EU Progress Report: The United Kingdom and EU Membership

Gherardo Astaldi Journal Contributor

The United Kingdom’s euro-skeptic attitude towards ever increasing turmoil in the European Union’s (EU) financial market has come to a turning point.

Prime Minister David Cameron’s Tory Party believes Bruxelles to be “bossy, wasteful, and out of touch.” Few Members of Parliament think the EU’s format and integration mechanisms will benefit the United Kingdom. The nation’s decision to depart from the trading block could ultimately weaken its relations with the United States and Europe, decrease exports, and lead to higher inflation.

Firstly, exiting the free market area would result in a reduced flow of goods and services. This would dampen the economy and send England back into recession. Secondly, if imported goods were to become more costly due to EU tariffs or quotas, the pound would depreciate. Thirdly, analysts say the UK ran a trade deficit last year with 159 billion pounds exported against 202 billion pounds imported. Thus, if the EU imposed tariffs, this would further endanger the UK’s deficit.

Questions arise when debating about immigration. Some debate that decreasing, if not banning immigration, would help the country improve the quality of life and its infrastructure, while others suggest that immigrants contribute to the nation’s economic growth and annual gross domestic product (GDP.)

The United Kingdom has always played an outcast role in the European Union. Starting from when it decided not to adopt the euro in favor of the sterling. In David Cameron’s speech on Wednesday, Cameron stated that if reelected, he would offer the British a referendum vote of “in or out [of the EU].”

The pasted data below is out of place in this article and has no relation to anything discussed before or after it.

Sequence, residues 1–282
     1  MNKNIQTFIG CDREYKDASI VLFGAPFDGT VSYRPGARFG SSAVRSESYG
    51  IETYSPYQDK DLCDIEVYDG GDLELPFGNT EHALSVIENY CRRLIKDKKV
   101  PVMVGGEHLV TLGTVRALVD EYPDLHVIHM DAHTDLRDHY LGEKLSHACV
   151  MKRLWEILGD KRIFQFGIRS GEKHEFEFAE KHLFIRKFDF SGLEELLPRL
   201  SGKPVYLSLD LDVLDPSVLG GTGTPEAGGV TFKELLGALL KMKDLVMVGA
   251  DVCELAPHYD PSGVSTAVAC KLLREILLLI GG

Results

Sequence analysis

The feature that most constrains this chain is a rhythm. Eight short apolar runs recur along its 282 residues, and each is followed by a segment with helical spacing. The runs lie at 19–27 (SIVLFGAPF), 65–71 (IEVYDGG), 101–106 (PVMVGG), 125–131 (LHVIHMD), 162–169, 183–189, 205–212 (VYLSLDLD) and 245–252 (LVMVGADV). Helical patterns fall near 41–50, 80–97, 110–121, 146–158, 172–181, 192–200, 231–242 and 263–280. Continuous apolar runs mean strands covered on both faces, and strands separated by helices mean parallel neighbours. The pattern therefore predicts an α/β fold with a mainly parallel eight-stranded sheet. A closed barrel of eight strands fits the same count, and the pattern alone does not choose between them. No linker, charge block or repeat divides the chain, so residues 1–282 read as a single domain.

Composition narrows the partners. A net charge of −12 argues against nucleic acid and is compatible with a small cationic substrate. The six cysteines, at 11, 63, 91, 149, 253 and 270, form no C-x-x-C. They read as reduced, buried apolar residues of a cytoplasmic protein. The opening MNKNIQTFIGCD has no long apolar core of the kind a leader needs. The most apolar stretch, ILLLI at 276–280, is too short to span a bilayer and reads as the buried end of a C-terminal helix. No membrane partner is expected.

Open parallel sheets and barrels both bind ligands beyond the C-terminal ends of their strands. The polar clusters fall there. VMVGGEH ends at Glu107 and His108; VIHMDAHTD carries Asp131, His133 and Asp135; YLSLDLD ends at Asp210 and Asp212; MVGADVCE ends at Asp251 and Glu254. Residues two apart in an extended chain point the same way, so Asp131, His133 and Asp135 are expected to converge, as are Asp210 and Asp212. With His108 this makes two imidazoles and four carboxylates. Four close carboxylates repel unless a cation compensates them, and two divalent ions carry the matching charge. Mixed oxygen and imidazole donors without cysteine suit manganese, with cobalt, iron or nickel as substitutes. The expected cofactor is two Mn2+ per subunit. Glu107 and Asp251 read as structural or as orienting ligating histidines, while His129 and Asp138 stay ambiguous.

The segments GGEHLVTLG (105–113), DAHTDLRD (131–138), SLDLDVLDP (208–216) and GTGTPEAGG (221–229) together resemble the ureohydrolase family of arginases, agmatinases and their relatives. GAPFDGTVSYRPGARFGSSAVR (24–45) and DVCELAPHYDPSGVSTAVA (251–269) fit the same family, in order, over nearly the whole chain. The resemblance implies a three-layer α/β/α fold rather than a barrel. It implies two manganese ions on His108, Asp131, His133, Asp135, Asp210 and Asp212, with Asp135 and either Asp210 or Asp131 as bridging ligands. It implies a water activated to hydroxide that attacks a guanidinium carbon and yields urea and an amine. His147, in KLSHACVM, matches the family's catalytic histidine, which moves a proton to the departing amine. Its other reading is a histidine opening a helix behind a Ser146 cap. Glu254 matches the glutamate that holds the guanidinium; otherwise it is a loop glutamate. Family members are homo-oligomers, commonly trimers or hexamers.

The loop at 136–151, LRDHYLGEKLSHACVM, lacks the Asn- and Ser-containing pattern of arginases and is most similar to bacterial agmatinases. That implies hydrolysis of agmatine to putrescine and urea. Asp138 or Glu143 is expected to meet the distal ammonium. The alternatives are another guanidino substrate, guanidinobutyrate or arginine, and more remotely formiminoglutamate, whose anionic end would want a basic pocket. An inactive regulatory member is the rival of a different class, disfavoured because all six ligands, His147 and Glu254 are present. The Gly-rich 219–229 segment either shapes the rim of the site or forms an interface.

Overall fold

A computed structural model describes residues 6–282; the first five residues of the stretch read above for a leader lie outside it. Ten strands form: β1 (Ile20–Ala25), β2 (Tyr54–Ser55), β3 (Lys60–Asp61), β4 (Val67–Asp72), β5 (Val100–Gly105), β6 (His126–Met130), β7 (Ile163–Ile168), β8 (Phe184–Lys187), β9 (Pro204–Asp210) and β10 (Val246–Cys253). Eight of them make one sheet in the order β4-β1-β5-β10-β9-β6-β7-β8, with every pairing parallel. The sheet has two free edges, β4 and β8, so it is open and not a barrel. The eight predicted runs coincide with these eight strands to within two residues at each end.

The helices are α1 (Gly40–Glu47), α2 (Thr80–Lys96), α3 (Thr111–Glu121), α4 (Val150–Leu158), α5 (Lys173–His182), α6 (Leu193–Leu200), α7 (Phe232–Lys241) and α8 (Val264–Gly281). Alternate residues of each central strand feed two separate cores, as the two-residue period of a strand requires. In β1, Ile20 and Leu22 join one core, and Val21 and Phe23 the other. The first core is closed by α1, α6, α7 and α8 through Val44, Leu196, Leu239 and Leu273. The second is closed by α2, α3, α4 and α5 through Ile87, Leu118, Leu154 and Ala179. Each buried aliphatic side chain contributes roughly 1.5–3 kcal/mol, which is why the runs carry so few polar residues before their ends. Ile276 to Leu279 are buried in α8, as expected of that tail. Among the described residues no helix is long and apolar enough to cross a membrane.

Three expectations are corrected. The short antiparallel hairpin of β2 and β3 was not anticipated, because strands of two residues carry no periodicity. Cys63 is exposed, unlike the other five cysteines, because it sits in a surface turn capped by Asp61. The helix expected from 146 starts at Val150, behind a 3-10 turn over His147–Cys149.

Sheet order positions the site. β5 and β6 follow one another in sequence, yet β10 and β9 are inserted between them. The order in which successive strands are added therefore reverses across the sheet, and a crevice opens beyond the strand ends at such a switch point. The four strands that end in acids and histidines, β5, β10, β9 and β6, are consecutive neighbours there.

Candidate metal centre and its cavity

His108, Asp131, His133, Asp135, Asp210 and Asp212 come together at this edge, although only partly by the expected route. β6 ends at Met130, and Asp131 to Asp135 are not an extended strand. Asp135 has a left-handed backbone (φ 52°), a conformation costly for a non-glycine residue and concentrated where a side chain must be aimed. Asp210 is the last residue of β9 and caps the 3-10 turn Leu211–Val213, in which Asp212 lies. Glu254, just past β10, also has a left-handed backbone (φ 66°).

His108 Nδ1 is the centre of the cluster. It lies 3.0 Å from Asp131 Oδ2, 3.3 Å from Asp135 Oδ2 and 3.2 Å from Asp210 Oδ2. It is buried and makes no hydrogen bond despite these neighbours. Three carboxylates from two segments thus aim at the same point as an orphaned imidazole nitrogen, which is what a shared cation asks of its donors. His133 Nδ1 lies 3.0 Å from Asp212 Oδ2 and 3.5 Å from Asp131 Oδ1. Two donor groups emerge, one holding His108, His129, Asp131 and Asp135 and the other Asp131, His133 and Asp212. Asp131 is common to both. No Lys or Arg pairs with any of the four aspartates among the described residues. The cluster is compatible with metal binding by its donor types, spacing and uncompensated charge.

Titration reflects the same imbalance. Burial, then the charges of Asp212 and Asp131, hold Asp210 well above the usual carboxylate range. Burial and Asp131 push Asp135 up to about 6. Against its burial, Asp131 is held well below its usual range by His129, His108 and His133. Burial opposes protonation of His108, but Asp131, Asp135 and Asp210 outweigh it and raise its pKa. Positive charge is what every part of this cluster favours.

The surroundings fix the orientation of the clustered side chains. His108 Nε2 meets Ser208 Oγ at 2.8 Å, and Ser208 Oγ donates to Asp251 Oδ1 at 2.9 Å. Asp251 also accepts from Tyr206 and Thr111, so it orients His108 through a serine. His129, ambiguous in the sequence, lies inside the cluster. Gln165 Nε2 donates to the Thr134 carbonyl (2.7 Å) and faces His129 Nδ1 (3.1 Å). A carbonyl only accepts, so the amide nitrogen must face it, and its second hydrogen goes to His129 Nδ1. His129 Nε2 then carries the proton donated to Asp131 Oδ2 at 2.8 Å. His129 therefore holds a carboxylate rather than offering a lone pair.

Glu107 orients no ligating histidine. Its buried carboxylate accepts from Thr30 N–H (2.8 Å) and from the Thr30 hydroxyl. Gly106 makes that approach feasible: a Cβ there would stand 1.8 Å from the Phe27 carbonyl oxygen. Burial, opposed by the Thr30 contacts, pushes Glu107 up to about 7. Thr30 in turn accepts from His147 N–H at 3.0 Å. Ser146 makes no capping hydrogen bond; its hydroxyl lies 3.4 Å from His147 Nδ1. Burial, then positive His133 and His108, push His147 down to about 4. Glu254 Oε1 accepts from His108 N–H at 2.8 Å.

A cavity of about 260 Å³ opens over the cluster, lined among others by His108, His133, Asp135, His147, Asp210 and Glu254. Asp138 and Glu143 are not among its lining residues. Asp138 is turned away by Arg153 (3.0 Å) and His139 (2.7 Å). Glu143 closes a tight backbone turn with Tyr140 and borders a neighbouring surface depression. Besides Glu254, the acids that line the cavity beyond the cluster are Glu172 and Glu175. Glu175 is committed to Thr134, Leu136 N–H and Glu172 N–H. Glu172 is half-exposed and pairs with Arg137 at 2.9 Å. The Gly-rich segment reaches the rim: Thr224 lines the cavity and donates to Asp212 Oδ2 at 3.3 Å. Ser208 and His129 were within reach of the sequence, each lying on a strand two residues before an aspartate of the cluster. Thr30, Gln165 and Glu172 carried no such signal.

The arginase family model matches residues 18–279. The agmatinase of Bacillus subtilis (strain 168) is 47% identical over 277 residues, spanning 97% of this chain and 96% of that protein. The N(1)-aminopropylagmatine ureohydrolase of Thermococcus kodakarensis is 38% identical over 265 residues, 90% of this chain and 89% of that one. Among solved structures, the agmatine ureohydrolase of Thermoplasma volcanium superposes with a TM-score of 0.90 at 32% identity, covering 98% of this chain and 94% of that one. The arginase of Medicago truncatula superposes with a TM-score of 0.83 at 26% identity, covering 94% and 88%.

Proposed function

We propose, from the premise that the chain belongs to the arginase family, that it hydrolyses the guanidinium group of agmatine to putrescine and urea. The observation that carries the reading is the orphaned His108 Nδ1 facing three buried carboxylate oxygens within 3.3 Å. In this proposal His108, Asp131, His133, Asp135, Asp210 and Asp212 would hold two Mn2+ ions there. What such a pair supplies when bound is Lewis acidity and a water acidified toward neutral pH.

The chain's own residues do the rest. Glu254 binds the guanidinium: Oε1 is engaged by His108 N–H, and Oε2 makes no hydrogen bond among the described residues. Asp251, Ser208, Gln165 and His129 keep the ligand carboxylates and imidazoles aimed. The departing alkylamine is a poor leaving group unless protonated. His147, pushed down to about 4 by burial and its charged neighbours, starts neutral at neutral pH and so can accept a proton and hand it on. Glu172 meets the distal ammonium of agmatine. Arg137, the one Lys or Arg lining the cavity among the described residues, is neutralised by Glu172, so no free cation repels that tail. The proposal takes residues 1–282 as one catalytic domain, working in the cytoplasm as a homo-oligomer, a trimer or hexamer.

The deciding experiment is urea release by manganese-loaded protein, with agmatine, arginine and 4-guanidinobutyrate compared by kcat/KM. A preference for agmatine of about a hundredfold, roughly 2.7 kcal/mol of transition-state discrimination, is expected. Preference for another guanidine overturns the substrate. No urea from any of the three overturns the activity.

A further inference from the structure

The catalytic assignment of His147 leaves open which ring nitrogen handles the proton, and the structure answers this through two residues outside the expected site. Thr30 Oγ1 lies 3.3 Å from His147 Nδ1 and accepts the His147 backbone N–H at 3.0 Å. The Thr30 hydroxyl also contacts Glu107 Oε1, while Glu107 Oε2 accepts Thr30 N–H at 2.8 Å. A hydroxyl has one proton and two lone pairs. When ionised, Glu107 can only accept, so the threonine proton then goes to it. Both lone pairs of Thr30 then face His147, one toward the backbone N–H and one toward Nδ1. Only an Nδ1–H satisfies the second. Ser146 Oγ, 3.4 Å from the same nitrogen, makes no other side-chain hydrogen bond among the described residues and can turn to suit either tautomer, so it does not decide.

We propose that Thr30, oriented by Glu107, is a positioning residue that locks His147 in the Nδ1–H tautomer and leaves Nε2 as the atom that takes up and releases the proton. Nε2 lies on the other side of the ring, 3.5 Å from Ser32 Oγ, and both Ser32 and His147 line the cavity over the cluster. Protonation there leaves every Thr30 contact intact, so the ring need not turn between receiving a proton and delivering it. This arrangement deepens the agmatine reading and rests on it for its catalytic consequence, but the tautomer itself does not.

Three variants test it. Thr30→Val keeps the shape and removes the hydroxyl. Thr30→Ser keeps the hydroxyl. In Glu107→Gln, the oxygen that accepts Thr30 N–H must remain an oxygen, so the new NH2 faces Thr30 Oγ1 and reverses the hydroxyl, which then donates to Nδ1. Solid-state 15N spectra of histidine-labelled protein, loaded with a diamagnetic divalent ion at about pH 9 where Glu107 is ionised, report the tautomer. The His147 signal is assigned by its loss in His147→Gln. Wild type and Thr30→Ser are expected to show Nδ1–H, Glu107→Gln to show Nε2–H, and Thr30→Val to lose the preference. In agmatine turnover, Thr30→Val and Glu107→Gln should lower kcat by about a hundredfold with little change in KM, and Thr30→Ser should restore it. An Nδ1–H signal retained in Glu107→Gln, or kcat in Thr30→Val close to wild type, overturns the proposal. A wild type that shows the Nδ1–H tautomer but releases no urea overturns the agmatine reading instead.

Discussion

Feelings of cohesion between the United Kingdom and the European Union have plummeted in the last couple of weeks and seem to have reached a definite end. The New York Times reported that a phone call delivered to Mr. Cameron said that America relies on “a strong England that makes critical contributions to peace, prosperity and security in Europe and around the world.”

European leaders were not pleased with Cameron’s words to “negotiate” the UK’s stay in the EU. “The EU does not need unwilling Europeans,” said Mario Monti, Italy’s prime minister and former European Commissioner. David Cameron “is playing a very dangerous game by feeding euro skepticism,” said Spanish Foreign Minister Garcia-Margallo. This general feeling of skepticism by European leaders towards England’s role is of great concern for the trading block’s future.

Additionally, European leaders also believe that the British will not be able to dictate their terms for remaining apart of the EU with a referendum. The decision needs to be taken within the trading block “together,” not separately.  This will also cause turmoil with the United States as many U.S. officials have stated that they want the UK to be a “leading” member of the free market area.

“This is not about turning our backs on Europe, it’s about how we make the case for a more competitive, open, and flexible Europe” said the UK’s prime minister during the annual World Economic Forum in Davos, Switzerland, last Wednesday.

Nationalism and populism are not ideas supported by members who envision a more unified Europe. The United Kingdom’s role in the EU is pivotal, as it would represent a failure if the nation were to exit. After the UK’s departure it would become an option to exit and the envisioning dream of a united Europe would be more difficult to pursue and inspire.

 

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